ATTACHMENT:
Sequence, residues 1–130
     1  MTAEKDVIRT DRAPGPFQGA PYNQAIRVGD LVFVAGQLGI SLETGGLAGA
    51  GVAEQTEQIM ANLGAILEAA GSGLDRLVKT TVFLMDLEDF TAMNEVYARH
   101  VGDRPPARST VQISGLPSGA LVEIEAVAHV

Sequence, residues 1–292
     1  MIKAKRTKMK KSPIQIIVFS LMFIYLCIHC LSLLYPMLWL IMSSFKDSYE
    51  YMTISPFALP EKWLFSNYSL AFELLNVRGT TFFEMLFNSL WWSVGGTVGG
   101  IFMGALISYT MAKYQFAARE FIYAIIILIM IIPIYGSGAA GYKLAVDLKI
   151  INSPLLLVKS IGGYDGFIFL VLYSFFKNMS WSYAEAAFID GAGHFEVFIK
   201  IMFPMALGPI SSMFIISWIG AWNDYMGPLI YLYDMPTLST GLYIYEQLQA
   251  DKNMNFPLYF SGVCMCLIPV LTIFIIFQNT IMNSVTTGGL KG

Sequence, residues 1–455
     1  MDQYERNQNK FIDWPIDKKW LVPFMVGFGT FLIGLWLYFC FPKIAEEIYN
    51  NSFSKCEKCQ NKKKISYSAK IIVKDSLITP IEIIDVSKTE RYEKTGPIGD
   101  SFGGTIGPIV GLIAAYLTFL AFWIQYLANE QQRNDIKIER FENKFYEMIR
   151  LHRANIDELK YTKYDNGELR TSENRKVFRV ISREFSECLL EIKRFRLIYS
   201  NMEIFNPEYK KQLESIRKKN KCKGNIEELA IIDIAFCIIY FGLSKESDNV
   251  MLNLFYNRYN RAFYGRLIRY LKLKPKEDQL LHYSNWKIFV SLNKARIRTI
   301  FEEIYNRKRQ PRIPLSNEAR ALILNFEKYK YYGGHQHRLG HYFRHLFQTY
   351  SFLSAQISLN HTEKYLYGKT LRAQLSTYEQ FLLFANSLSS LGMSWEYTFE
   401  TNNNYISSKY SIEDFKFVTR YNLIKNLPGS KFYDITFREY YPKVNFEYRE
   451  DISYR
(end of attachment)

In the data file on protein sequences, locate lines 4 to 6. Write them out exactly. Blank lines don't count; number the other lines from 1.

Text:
   101  VGDRPPARST VQISGLPSGA LVEIEAVAHV

Sequence, residues 1–292
     1  MIKAKRTKMK KSPIQIIVFS LMFIYLCIHC LSLLYPMLWL IMSSFKDSYE